The opinion of the court was delivered by: Shadur, District Judge.
MEMORANDUM OPINION AND ORDER
Georgetown Associates ("Georgetown") sues Cherokee Insurance Co.
("Cherokee") and Nordstrom Agency of Illinois, Inc. ("Nordstrom"),
claiming Cherokee breached its contract of insurance by refusing to pay
for loss sustained when Georgetown's outdoor swimming pool unexpectedly
popped out of the ground. Georgetown and Cherokee have filed cross-motions
for summary judgment. Because there are material fact issues, both
motions are denied.
Georgetown is a real estate limited partnership. One of its
developments is Georgetown of Willow Bend ("Willow Bend"), an apartment
complex in Rolling Meadows, Illinois. Willow Bend's outdoor swimming pool
is adjacent to the living units, shaped like a trapezoid (60 feet long,
40 feet wide at the shallow end narrowing to 20 feet at the deep end) and
surrounded by a concrete deck.
Before April 30, 1980 substantial amounts of ground water had collected
around and beneath the pool,*fn1 creating hydrostatic pressures whose
force ultimately exceeded the weight of the pool. On April 80 the excess
force caused the pool to thrust upward more than 12 inches, shattering
the concrete deck, destroying the pool's plumbing connections and
substantially damaging the pool.
There is a dispute as to why the water pressure had been unrelieved
before the occurrence:
Georgetown presents the affidavits of experts Richard Hults and Lewis
Blue. Hults, president of a local construction company who has worked in
the industry for 11 years, inspected the pool shortly after the
accident. He concluded that the pool's "hydrostatic gravity valve failed
to release hydrostatic external ground water forces, which caused
pressure to build up around the pool, and which ultimately forced the pool
to rise above ground level." Blue, housing inspector for the City of
Rolling Meadows, came to the same conclusion based on substantially the
Cherokee counters with the affidavit of its own expert Ruben J. Baer, a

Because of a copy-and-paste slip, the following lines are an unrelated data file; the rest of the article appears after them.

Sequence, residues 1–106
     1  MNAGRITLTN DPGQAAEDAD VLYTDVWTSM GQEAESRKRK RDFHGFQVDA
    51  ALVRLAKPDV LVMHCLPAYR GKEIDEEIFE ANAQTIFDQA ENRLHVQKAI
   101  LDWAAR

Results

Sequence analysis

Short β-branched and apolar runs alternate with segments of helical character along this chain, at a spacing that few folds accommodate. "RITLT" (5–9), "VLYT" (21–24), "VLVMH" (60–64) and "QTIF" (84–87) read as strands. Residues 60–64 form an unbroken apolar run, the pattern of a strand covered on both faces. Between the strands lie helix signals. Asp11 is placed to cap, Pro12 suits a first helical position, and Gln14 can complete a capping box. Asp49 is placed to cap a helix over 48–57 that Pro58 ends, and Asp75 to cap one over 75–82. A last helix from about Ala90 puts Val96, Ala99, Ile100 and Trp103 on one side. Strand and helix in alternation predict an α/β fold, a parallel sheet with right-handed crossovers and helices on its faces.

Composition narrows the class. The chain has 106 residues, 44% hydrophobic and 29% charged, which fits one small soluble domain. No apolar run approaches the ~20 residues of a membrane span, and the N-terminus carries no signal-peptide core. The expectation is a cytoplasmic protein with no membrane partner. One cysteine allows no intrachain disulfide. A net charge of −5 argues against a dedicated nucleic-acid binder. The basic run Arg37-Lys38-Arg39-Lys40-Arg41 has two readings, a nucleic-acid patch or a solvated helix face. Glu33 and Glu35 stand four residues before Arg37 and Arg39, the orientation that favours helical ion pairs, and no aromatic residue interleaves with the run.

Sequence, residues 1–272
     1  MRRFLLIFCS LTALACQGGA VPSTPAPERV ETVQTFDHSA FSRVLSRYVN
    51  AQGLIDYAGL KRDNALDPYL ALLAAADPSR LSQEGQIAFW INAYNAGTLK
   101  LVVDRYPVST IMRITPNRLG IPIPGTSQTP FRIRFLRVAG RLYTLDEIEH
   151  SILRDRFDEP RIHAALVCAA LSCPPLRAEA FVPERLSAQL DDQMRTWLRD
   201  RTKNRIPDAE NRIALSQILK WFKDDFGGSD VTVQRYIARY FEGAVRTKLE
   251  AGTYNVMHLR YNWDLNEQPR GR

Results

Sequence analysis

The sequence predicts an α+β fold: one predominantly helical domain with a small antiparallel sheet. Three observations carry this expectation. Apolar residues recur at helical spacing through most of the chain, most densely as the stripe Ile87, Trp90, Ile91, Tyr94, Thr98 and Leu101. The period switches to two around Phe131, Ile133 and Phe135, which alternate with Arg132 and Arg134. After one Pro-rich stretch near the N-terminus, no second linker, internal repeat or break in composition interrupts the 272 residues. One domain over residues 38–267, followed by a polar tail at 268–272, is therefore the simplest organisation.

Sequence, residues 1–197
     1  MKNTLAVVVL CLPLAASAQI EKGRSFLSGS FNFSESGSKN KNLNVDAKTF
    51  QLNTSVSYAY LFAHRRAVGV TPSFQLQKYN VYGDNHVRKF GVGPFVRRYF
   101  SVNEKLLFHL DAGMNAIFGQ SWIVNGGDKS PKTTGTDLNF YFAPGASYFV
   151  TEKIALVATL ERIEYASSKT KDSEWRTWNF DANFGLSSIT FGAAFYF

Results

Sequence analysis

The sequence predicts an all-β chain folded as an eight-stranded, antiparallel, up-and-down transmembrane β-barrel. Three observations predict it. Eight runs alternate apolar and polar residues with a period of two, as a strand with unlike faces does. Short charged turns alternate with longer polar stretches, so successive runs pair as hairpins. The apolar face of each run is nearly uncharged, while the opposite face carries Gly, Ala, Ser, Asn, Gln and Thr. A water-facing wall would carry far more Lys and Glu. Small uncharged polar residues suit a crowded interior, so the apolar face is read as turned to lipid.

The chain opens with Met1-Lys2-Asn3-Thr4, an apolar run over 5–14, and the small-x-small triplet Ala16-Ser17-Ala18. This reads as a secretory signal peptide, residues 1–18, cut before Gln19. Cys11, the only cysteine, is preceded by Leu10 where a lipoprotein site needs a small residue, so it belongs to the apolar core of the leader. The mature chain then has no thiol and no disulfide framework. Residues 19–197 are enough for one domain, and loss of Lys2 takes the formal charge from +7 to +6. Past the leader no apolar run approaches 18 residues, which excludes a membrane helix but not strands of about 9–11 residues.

registered structural engineer. Baer too examined the swimming pool
shortly after the accident. He concluded that the "uplifting . . . was
caused by a loss of pool water through a crack or cracks in the pool wall
or floor and that said cracks were caused either by faulty operation or
maintenance of the pool and/or as a result of poor design of the pool
Baer's conclusion is thus directly at odds with that of Hults and
Blue. Both of them chalk up the accident to failure of a valve to relieve
pressure caused by unfavorable weather. Baer rather ascribes the accident
to negligence in operation, maintenance or design.
Sharp differences also exist as to the existence of insurance coverage
for the loss. Nordstrom had told Georgetown that the usual multi-peril
("all risks" in common parlance) policy did not cover swimming pools.
Georgetown ordered and paid an extra premium for extended coverage
including swimming pools and other structures apart from the residential
buildings (to a maximum limit of $25,000).
Unfortunately the policy as delivered to Georgetown, though it did
include the swimming pool rider (Endorsement E), omitted the very
coverage form (MP 101) to which it was a rider.*fn2 Had anyone studied
the package delivered to Georgetown in detail, the gap in documentation
would have been apparent, for:
(1) Among the eight "forms and endorsements" listed
on the cover sheet as "applying to Section I"
(property coverage) was "MP 101." That form was
missing while the other seven were in the package.
(2) Endorsement E itself was captioned "Special
Conditions and extensions to MP 101 MP 126." It
specified that its "conditions and Extensions apply
only when the aforementioned forms are attached to and
made a part of this Certificate." Its swimming pool
coverage was specified as an extension of "coverage
under MP 101."
But of course no one did study the package or discover the omission
until the loss was incurred and the claim was made and refused. This
action must determine both the effect of the omission and the effect of
MP 101 if it ...